While NASA is credited with inventing what we now know as memory foam, the application it has been most utilized in is in the medical community. Memory foam, with its heat-activated body contouring, was implemented in a medical setting as bedding, due to its pressure reduction and weight-spreading capabilities. People who are recovering from surgeries or are confined to bed are prone to bed sores where the pressure of the body greatly reduces or cuts off circulation to an area. Moving patients periodically was one of the few ways of coping with this issue at the time. The introduction of memory foam as a medical foam product has made a difference in that capacity and others.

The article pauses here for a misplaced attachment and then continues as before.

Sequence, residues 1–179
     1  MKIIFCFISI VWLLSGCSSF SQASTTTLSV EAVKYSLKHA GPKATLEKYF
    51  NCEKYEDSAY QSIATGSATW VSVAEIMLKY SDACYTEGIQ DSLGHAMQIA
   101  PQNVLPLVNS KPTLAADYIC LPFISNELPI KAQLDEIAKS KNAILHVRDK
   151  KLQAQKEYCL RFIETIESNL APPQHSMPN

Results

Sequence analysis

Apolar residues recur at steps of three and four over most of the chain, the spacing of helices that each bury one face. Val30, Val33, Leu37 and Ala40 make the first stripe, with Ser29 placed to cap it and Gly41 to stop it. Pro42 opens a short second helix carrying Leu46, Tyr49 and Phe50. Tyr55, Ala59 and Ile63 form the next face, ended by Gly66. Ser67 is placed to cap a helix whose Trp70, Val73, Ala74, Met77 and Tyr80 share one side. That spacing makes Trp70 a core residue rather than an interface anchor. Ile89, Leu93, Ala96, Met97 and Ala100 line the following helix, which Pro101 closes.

Cervical bed wedge pillows are one of memory foam’s current applications, for people who have neck pain or injuries. The visco-elastic material contours to the head and neck for pressure-free comfort and keeps the neck and spine aligned at a more comfortable angle. Even for people without serious structural issues, an improvement in alignment can offer them a much more restful night’s sleep.
Mattresses made of memory foam offer the same pressure reduction as their hospital use, even though we don’t have to worry about pressure sores from a single night’s sleep. We will, however, toss and turn if we’ve gotten into a position where we’ve cut off circulation or landed on a pressure point. The body will identify this and wake you up to re-situate, snapping you out of a sleep. Better circulation means better comfort and sounder sleep. Memory foam also makes great mattresses for back pain sufferers, as it forms to support contours and helps the body’s natural alignment. Things often work out well in ways they weren’t originally intended to, and memory foam as an important material in the medical and health world is a prime example.